Ryan Follese has only been on the country scene for almost a year’s worth of singles and a 6-song EP, but his relationship with country music goes far beyond September 2016. The 30-year-old singer was born and raised in Nashville, with both parents (Keith and Adrienne Follese) serving as songwriters for the likes of Tim McGraw, Lady Antebellum and Randy Travis.
“From the time I was five years old, I remember sitting in the back of my dad’s Oldsmobile and distinctly saying I wanted to be a songwriter when I grew up,” Follese recalls to Billboard. “Not just because he was, it’s because I liked what he was doing every day — he was in the studio, he was making music and I loved it.”
Follese began writing his own songs at about 7 or 8 years old — “really stupid songs,” he laughs — working his way to becoming a solo artist around the age of 15. But when he hit his late teens, an opportunity arose to form a pop-rock band called Hot Chelle Rae, and he put his country roots on the back burner: “I feel like I did what most kids do when they start a band — I rebelled against what my parents did.”
But after a Top 10 hit on the Billboard Hot 100 — “Tonight, Tonight” reached No. 7 in 2011 — and a successful touring career as frontman of HCR, Follese still felt something was missing. “There were definitely moments in my band where I wondered if I was in the right spot,” he says.
As a super family-oriented guy, Follese always had moments of feeling too far removed from his loved ones. Even so, when things died down with HCR, he continued writing for other artists in Los Angeles — but once his mom was diagnosed with breast cancer in 2015, he knew it was time to put his own career on hold. “I dropped everything I was doing and went back for [her],” he recalls.
Once his mom started going through chemotherapy, though, she was less concerned about her condition and more invested in getting her son’s post-HCR career off the ground. “She said, ‘Are we going to write your record or not?,’” he recalls. “When your mom is going through chemo and she’s badass enough to be like, ‘Are we going to do this?,’ it really kicks your ass into gear and puts things into perspective.”
And with that, the entire Follese family began writing, including Ryan’s younger brother, Jamie, who played drums for Hot Chelle Rae. Ryan had written with his parents since his teens, but writing with Jamie was a new experience — and “a growing up moment” for the two, as he puts it.
“It was the coolest experience writing-wise in my life, and that’s what made it in my mind that this was absolutely where I needed to be. I needed to be at home in Nashville where my roots are — it was kind of an easy decision.”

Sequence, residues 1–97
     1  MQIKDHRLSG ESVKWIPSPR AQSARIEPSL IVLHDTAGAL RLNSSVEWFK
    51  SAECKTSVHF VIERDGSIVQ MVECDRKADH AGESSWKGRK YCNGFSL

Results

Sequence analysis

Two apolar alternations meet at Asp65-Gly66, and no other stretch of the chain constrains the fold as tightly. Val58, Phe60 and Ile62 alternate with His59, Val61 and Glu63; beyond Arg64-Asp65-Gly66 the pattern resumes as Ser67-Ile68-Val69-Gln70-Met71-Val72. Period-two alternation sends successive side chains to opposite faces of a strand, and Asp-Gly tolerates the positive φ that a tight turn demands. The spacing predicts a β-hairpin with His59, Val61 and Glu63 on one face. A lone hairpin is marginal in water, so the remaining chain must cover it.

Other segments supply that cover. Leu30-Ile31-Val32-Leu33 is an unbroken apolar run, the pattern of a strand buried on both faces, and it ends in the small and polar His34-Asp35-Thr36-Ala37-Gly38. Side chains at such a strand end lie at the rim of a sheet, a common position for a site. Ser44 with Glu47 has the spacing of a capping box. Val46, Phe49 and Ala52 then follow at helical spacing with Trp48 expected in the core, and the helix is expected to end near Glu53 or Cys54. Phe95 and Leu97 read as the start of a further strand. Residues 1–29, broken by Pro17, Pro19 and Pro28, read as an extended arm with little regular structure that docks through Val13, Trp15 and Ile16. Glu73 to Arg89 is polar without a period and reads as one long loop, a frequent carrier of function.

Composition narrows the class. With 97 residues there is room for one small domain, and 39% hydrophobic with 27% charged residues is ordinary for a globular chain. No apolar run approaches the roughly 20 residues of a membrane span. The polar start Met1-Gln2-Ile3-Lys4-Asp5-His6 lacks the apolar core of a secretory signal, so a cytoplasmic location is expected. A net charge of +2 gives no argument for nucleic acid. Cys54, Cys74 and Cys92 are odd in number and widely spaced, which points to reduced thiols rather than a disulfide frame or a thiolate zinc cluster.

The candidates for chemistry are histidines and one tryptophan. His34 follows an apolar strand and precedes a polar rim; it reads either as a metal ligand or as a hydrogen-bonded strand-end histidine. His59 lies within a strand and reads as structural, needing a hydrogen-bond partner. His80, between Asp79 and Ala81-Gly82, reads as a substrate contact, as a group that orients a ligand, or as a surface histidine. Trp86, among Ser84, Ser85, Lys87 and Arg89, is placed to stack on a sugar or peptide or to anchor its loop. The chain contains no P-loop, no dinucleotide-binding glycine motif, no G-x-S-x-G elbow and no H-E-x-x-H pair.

While Follese was feeling very comfortable with the music he was creating with his family, there was a lingering concern that the fans he’d garnered in his Hot Chelle Rae days may not get behind his new path. “I was concerned about disappointing people,” he says. “It was a little nerve-wracking thinking how they would react to it, but the more music I made, the more sure I was of my footing.”
Even if some Hot Chelle Rae fans weren’t going to be on board, Follese at least knew he had the support of his bandmates. In fact, the first person he sent his new music to was HCR guitarist Nash Overstreet. “He was like, ‘Man, this stuff is awesome. Just keep doing what you’re doing.’ Having that kind of internal support from even the guys that you grew up with is a pretty cool feeling.”
No matter how anyone felt, though, Follese knew that was what felt right for the storytelling he wanted to do as an artist.
“For me, with what I’m going through at my age and stuff I’ve seen in my life, I wanted to tell more stories about what I was going through. I feel like in this time in my life, I’m just tellin’ the truth, that’s all it is,” he suggests. “If you’re hearing something that I’m singing, I have lived it — it all comes from a very, very honest place. That’s important because I feel like [fans’] bulls–t meter is a lot better than people give them credit for.”
In reality, Follese’s music isn’t a shocking departure from the music he made with Hot Chelle Rae — especially since he was the voice of the group to begin with. His debut single, “Float Your Boat,” has enough rock influence that it could serve as a crossover HCR track, and while the rest of the EP discusses a relationship in more romantic terms than his band’s tracks, there’s plenty of electric guitar and creative lyricism to balance out any sappiness. And with nearly five million Spotify streams on the EP, his new music is clearly resonating with fans.
The transition gets easier and easier for Follese as time goes on, as he insists his fellow country peers already feel like family (“I feel like a moth to a flame, it’s such a wonderfully intoxicating, inviting experience”). And starting June 1, he’s hitting the road with modern country superstar Sam Hunt — one of the guys he’s closest to in the genre — along with Maren Morris and Chris Janson, for a four-month trek.
Follese intends on releasing a full-length album in the relatively near future, and as he continues his country career, he hopes to earn himself a No. 1 solo hit and eventually become an arena act. Would he ever consider switching genres again to achieve those goals? He can confidently say no.
“I don’t see it changing in my future, to be honest,” he says. “I wish I could describe how good it feels… I don’t know if I ever thought I was going to do [country], and I honestly can’t say I really chose to do it this time — it kind of chose me. A lot of pretty important stuff happened in my family, and I had a handful of ideas that were all coming out country. I just didn’t fight what felt natural to me. Life is too short to be worried about what people are going to think. You’ve gotta do things where your heart is, and my heart is in Nashville.”